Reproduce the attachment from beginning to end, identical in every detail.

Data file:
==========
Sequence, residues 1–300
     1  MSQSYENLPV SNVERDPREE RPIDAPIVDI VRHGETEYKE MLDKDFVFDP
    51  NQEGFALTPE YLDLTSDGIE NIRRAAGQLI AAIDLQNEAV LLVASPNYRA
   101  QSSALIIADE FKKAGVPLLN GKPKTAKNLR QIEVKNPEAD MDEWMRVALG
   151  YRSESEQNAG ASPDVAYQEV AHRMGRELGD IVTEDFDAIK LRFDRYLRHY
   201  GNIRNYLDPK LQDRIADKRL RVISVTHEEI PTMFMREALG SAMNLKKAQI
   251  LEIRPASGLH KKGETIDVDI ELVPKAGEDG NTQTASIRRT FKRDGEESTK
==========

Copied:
Sequence, residues 1–300
     1  MSQSYENLPV SNVERDPREE RPIDAPIVDI VRHGETEYKE MLDKDFVFDP
    51  NQEGFALTPE YLDLTSDGIE NIRRAAGQLI AAIDLQNEAV LLVASPNYRA
   101  QSSALIIADE FKKAGVPLLN GKPKTAKNLR QIEVKNPEAD MDEWMRVALG
   151  YRSESEQNAG ASPDVAYQEV AHRMGRELGD IVTEDFDAIK LRFDRYLRHY
   201  GNIRNYLDPK LQDRIADKRL RVISVTHEEI PTMFMREALG SAMNLKKAQI
   251  LEIRPASGLH KKGETIDVDI ELVPKAGEDG NTQTASIRRT FKRDGEESTK